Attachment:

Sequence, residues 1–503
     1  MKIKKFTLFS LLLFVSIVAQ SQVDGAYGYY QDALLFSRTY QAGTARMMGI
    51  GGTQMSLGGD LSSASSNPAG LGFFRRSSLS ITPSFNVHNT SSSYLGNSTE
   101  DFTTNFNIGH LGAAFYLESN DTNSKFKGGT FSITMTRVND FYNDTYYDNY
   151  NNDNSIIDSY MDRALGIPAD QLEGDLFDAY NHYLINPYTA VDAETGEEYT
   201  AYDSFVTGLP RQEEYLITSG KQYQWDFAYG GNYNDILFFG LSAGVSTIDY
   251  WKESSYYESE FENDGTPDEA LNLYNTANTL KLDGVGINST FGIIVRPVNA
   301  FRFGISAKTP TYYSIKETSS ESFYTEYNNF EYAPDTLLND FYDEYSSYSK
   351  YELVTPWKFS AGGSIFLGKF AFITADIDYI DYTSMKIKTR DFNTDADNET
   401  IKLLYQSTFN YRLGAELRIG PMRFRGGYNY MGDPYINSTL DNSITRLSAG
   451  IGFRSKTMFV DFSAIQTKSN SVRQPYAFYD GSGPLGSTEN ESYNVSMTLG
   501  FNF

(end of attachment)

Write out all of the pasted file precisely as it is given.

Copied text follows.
Sequence, residues 1–503
     1  MKIKKFTLFS LLLFVSIVAQ SQVDGAYGYY QDALLFSRTY QAGTARMMGI
    51  GGTQMSLGGD LSSASSNPAG LGFFRRSSLS ITPSFNVHNT SSSYLGNSTE
   101  DFTTNFNIGH LGAAFYLESN DTNSKFKGGT FSITMTRVND FYNDTYYDNY
   151  NNDNSIIDSY MDRALGIPAD QLEGDLFDAY NHYLINPYTA VDAETGEEYT
   201  AYDSFVTGLP RQEEYLITSG KQYQWDFAYG GNYNDILFFG LSAGVSTIDY
   251  WKESSYYESE FENDGTPDEA LNLYNTANTL KLDGVGINST FGIIVRPVNA
   301  FRFGISAKTP TYYSIKETSS ESFYTEYNNF EYAPDTLLND FYDEYSSYSK
   351  YELVTPWKFS AGGSIFLGKF AFITADIDYI DYTSMKIKTR DFNTDADNET
   401  IKLLYQSTFN YRLGAELRIG PMRFRGGYNY MGDPYINSTL DNSITRLSAG
   451  IGFRSKTMFV DFSAIQTKSN SVRQPYAFYD GSGPLGSTEN ESYNVSMTLG
   501  FNF